Sigma 60-600mm f/4.5-6.3 DG OS HSM Sports Review
The Sigma 60-600mm f/4.5-6.3 DG OS HSM Sports is a versatile 10x telephoto zoom lens for full-frame DSLR cameras, and APS-C sensor cameras with an effective increase in focal length. It's actually the world’s first 10x optical zoom telephoto lens with a tele end of 600mm.
Incorporating 25 elements in 19 groups, the Sigma 60-600mm f/4.5-6.3 DG OS HSM Sports features a rounded 9 blade diaphragm which creates an attractive blur to out-of-focus areas of the image, built-in optical image stabilisation with an effect of 4 stops and an accelerometer for vertical and horizontal panning, and a Hyper Sonic Motor for fast and quiet autofocusing.
There's also a zoom lock switch that can be locked at any focal length that's marked on the lens barrel, manual override (MO) which is activated by rotating the focus ring while using autofocus, a maximum magnification ratio of 1:3.3 (at the 200mm focal length), a water and oil-repellent coating on the front and rear lenses, and a dust and splash-proof construction.
The Sigma 60-600mm f/4.5-6.3 DG OS HSM Sports lens is available in Sigma, Canon and Nikon mounts priced at £1899.99 / $1999.99 in the UK and the US, respectively.
Ease of Use
Weighing in at a whopping 2700g and measuring 27cm in length, the Sigma 60-600mm f/4.5-6.3 DG OS HSM Sports is a very big and heavy lens indeed, although it is slightly lighter and shorter than the similar Sigma 150-600mm f/5-6.3 DG OS HSM Sports lens.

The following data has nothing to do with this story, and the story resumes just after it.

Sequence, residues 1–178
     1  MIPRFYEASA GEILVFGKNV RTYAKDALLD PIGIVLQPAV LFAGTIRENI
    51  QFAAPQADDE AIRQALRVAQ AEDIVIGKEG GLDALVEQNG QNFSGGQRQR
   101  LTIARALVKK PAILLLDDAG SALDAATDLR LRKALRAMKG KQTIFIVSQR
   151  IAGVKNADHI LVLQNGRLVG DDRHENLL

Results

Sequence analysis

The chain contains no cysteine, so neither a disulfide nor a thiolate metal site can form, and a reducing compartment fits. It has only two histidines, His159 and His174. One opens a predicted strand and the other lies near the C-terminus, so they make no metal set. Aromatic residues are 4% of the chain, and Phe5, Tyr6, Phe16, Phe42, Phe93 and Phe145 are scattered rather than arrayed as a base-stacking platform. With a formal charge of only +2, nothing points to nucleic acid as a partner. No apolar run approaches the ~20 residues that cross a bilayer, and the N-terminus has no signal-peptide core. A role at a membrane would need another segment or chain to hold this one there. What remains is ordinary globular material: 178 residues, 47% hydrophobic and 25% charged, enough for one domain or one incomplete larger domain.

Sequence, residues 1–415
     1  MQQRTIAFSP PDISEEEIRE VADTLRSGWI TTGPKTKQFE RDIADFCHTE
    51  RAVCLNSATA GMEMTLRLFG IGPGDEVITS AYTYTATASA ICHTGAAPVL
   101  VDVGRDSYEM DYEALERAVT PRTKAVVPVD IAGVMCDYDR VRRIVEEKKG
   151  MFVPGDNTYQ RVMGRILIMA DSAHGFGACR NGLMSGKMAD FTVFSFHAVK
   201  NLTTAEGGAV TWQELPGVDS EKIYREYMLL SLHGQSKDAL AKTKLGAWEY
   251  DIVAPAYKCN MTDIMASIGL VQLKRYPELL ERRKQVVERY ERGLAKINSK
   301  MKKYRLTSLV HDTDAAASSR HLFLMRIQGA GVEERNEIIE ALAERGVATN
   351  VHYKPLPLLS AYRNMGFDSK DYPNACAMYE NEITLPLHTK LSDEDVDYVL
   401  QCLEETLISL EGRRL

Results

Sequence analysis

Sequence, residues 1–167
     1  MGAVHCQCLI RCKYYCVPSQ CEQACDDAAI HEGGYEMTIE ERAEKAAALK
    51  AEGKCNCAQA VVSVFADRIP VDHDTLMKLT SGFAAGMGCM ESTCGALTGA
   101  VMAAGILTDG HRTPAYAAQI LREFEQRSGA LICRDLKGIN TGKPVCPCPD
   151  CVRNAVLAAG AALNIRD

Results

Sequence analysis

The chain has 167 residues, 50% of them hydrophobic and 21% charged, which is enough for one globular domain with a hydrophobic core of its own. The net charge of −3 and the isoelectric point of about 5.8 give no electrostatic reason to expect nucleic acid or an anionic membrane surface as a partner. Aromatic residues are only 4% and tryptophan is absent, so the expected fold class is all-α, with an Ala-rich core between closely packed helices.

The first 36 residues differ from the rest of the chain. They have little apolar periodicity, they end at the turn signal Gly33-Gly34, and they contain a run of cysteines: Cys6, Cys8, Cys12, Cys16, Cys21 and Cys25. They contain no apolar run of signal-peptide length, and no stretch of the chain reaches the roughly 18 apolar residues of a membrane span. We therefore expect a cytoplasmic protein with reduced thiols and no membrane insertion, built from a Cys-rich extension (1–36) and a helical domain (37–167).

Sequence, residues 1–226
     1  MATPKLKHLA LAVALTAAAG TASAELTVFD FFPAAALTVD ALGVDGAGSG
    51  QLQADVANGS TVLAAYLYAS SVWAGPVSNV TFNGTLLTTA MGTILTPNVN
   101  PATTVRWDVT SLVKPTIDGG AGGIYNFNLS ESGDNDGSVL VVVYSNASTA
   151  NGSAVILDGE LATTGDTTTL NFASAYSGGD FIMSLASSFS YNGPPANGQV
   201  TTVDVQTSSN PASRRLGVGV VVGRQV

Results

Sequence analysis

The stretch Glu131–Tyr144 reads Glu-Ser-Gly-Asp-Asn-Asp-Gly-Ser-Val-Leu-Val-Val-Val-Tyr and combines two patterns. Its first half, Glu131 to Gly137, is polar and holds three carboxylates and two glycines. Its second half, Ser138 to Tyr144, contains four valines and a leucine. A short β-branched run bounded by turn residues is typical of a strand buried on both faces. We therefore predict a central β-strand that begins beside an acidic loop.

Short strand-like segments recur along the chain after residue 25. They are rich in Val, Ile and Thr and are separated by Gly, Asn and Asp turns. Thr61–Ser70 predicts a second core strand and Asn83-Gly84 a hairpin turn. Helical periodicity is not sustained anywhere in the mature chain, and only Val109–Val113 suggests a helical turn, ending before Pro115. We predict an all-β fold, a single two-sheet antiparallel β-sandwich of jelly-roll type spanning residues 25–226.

As seen in the photos below, it dwarves even a full-frame camera like the Canon EOS 5DS R. This is not a lens that you can hand-hold for too long, being much more at home mounted on a sturdy tripod or monopod, and we'd recommend attaching a battery grip to the camera body too. The lens also extends by quite a long way when zoomed out from 60mm to 600mm.
Build quality is excellent. The Sigma 60-600mm f/4.5-6.3 DG OS HSM Sports lens has a complex part magnesium, part Carbon fiber reinforced plastic, part Thermally Stable Composite (TSC) construction. It incorporates a brass bayonet mount that's claimed to be more durable. The optical elements are made of high-grade glass with three FLD glass elements (performance equal to fluorite) and one SLD glass element, while the lens has a dust and splash-proof construction.
In terms of features, the Sigma 60-600mm f/4.5-6.3 DG OS HSM Sports offers everything that you need from a professional telephoto zoom lens. This very usefully includes built-in Vibration Reduction, activated by the OS switch on the lens barrel, which offers around 4 stops of compensation. The OS system has two modes - mode 1 is suitable for general photography, and mode 2 is best for panning shots of moving subjects in a horizontal direction (not vertical).
Focusing is internal and manual focusing is possible when set via the Focus switch on the lens barrel. Full-time manual focus override is also available by setting the Focus switch to the MO mode and then rotating the focus ring.